Interview by John Harrison

Claudia Bianconi was born in Belgium, from Italian family, and has been an expat most of her life. Nikita, her latest literary self, appeared shortly after her arrival.

I met Nikita, I mean Claudia in a café in Moscow in June, and was impressed by the way that she talked about Nikita.
Claudia explained… “Nikita is an international observer of the Russian culture and habits and life. Nikita tries to look at what is happening here without prejudice, showing full respect; Nikita picks up on the differences that there are in this world. But instead of dwelling on the differences, she tries to find affinities with other cultures that she has been living in. So basically Nikita is trying to bring more tolerance and understanding between cultures.”

“Is Nikita an observer, or does she live here and have an opinion, after all, she has a Russian name?” I asked. “Nikita has an opinion after all and this is usually showed in the Moral of the articles. Nikita was born in Moscow as a Russian pen name, but quickly became a character with its own personality, thoughts and beliefs. The articles show in a witty and humorous way the different timing of historical recurrences thus both Expat and Russian share the same interest and amusement in reading them.”
Nikita, alias Claudia Bianconi, lives in Moscow and writes about all things that happen in Moscow and with Russians. She writes in English, Russian and Italian. You can find her writings on:

Here is what Nikita has been up to recently:

Russian Cuisine: where East meets West by Nikita, 2014

I had been in Moscow for just a few days, when I received an invitation for dinner at a Russian restaurant. A “Russian” restaurant? Why the need for clarification? It is uncommon to say I am having dinner at an “Italian” restaurant when I am in Rome.

The reason I learnt was that in Moscow there are, by tradition, countless restaurants from the countries of the former Soviet Union, such as Uzbeks, Georgians, Azerbaijanis, and so forth. How exciting. Sitting at the table I looked to my new acquaintances hoping upon hope that one of them would order for me, since I was facing a menu packed full of dishes written in Cyrillic – (I may be a quick learner but the two day Cyrillic course was beyond me). Who would have thought that Russian cuisine was so rich? The lady next to me noted my dismay and told me “As you can see, there are sup, (soups), such as Sci, made with cabbage and bits of meat, the Borsch, made from beetroot, the Ukha, with fish. Then there are different types of Russian salads”. Here my focus increased, and I thought, ‘isn’t the Russian salad by definition a dish of your own choosing where you put everything and the opposite of everything, and blend into a mayonnaise?’ I discovered that at the base of the “Russian” Russian salads are always more or less the same vegetables, the key variable sitting in the type of meat or fish, which reminds me of an old English proverb – “you can never have too many salads.” Well, I actually made that up but I’m sure you agree it should be an old proverb. The most famous Russian salad is the Olivie’ which takes its name after Lucien Olivier, the acclaimed Belgian chef, who composed it in 1860 in Moscow. Maybe a similar thing happened to the Earl of Sandwich, that is, to name bits of bread after himself. Then there is the Mimosa, with salmon, and the Shuba, commonly called “herring under fur coat salad”, because of the grated beetroots that cover it all – obviously. The latter, in addition to the herring, presents ingredients such as potatoes and red beets, in short, a main classic dish of Swedish and German cuisine: the Heringssalat. Continuing west, we “return” to Belgium where we visit Malmedy where Russian salad with herrings is consumed for carnival.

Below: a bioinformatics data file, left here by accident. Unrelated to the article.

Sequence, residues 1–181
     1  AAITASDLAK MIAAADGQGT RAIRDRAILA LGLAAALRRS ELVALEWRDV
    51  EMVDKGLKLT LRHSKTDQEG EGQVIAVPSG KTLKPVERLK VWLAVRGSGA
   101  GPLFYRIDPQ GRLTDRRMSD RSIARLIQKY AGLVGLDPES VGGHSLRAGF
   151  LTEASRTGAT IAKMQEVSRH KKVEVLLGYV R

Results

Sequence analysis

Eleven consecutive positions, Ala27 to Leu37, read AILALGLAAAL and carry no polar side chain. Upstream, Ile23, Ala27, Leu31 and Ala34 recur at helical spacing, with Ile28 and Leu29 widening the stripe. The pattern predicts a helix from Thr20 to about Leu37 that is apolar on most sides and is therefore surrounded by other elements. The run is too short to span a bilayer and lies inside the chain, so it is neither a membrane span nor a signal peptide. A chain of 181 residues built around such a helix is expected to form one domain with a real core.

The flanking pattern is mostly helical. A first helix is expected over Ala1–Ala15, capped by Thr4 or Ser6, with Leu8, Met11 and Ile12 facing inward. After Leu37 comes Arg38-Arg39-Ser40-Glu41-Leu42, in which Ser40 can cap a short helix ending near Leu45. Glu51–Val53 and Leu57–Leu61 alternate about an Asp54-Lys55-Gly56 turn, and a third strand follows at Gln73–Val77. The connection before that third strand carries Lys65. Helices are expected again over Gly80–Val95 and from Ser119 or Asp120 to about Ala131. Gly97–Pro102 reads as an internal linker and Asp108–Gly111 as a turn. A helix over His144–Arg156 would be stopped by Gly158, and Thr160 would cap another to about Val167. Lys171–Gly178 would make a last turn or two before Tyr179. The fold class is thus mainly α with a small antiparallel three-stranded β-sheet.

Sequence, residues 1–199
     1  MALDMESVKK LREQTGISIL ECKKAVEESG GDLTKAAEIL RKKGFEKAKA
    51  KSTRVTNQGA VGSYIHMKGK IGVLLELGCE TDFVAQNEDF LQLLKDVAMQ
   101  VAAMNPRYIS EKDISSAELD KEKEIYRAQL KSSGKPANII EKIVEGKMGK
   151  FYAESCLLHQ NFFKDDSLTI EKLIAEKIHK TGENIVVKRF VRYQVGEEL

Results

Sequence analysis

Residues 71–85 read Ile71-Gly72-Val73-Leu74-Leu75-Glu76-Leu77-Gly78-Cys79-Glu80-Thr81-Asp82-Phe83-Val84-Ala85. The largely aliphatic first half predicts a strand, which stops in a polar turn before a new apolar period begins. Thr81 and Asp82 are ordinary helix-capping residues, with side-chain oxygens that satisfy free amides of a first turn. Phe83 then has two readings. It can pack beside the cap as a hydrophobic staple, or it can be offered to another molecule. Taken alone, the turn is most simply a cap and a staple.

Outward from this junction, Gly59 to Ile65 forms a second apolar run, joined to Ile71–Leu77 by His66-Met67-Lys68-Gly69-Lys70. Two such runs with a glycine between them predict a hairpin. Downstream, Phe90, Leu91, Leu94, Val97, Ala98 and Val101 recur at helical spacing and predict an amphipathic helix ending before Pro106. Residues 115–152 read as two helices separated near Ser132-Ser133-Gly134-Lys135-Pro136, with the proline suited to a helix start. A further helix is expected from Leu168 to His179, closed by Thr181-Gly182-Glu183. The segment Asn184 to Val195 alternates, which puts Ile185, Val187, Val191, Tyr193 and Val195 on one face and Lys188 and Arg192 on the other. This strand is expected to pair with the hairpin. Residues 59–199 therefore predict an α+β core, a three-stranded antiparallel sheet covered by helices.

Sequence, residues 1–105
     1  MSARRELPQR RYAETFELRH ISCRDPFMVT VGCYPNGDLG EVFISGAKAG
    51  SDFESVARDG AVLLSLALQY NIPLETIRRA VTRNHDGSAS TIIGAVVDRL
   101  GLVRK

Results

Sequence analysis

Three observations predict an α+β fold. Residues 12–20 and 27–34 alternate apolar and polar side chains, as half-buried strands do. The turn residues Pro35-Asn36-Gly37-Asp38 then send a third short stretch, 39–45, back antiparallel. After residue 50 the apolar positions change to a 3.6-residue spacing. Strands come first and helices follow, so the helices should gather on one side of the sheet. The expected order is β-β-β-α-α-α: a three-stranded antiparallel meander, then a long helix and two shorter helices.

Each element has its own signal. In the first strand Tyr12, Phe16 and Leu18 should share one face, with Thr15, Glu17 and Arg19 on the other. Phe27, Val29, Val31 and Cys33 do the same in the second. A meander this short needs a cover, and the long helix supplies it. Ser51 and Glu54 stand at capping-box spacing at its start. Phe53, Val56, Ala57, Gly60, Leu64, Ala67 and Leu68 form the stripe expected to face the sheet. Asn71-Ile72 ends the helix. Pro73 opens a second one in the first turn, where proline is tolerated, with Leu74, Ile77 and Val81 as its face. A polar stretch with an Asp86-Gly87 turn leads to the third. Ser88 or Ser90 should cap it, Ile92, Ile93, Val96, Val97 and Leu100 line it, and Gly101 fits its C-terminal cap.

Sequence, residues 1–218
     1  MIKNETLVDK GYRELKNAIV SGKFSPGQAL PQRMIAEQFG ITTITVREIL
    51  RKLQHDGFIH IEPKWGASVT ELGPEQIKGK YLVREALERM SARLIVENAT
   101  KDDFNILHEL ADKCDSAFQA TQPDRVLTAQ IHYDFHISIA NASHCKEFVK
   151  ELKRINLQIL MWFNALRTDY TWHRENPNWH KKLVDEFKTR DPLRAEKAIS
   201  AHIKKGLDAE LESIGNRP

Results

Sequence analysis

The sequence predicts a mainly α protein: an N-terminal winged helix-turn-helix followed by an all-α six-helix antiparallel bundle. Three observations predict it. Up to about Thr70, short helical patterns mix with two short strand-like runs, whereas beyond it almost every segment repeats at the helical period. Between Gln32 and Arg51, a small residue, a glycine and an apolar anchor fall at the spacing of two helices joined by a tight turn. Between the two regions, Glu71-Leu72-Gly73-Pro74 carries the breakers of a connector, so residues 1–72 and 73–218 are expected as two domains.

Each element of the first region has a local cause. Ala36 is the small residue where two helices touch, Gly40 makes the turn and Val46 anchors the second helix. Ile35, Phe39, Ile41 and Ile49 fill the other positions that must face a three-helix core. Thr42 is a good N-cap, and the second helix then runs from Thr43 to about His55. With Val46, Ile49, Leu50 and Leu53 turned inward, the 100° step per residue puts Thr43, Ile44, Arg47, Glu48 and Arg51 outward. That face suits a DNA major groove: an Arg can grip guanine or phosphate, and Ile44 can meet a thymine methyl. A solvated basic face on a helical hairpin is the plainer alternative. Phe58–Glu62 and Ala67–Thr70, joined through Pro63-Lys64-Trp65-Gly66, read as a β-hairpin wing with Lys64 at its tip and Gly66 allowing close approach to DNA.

Malmedy, in the province of Liege, was an outpost of the Kingdom of Prussia, which was extended eastwards up to Königsberg (Kaliningrad), now Russian territory. My new friend suggested that I try the Pelmeni. When I saw the dish that had been placed in front of me I thought I had ordered a bowl of Wonton, Chinese tortellini. In fact, Pelmeni find their roots in Siberia as a reworking of Wonton. Despite the mixed filling ofbeef and pork, I tentatively try them but it is not the memory of Chinese cuisine that emerges, but the flavor of the Germany’s monumental ravioli – the Maultauschen possibly due to the type of spices. Other variants of these dumplings, are Vareniki, of Ukrainian origin and Polish Pierogi. All of these are themselves cousins of the Manti, steamed ravioli, and not boiled in broth like the Pelmeni, which are found in Turkish, Kazakh, Nepalese, Tibetan, Uzbek, Chinese, Korean and Japanese cuisine. According to some theories the Manti may have origins in the Middle East and had reached East Asia via the Silk Road, and not vice versa. Maybe Marco Polo took a few with him during his legendary journey of the 14th Century? In Russia today, Italian machines are often used to produce these tortellini, cappelletti, ravioli, agnolotti, of Russian, Asian or Italian origin. The lion’s share, however, is the incontournable, inescapable Smetana, which may be translated as sour cream. “Inescapable,” (or indispensable), because it seems to appear everywhere from appetizers to desserts. It is eaten with salad, especially tomatoes and cucumbers, with Borsch, with Pelmeni, with the Stroganoff, pieces of beef in a sauce, with Blinis (pancakes) and Syrniki, fritter dessert with Tvorog, cottage cheese. The Smetana can be found, with different percentages of acidity, in other Central and Eastern Countries, across North Europe and in the United States. Russians have a certain propensity to drink. Indeed they drink a lot of tea, maybe even more than the English who are famed for it. The origin of Russian tea is possibly Chinese, seen that in Russia it is called chai and Chinese cha, but in India it is chai again and even in England it is known in slang as char. Amazing. Long before Nikita, the English language had caught these food “affinities” and found precisely generic terms such as dumpling, porridge, pancake, sour cream, cottage cheese but it is commonplace for all these dishes and products to be characterized by local variations that make them exquisitely and unequivocally Russian.Our dinner comes to an end; we have neglected many pages of the menu, many Pirozhki, Pirog, (pies), but I have many more days in Moscow ahead of me. I can pace myself.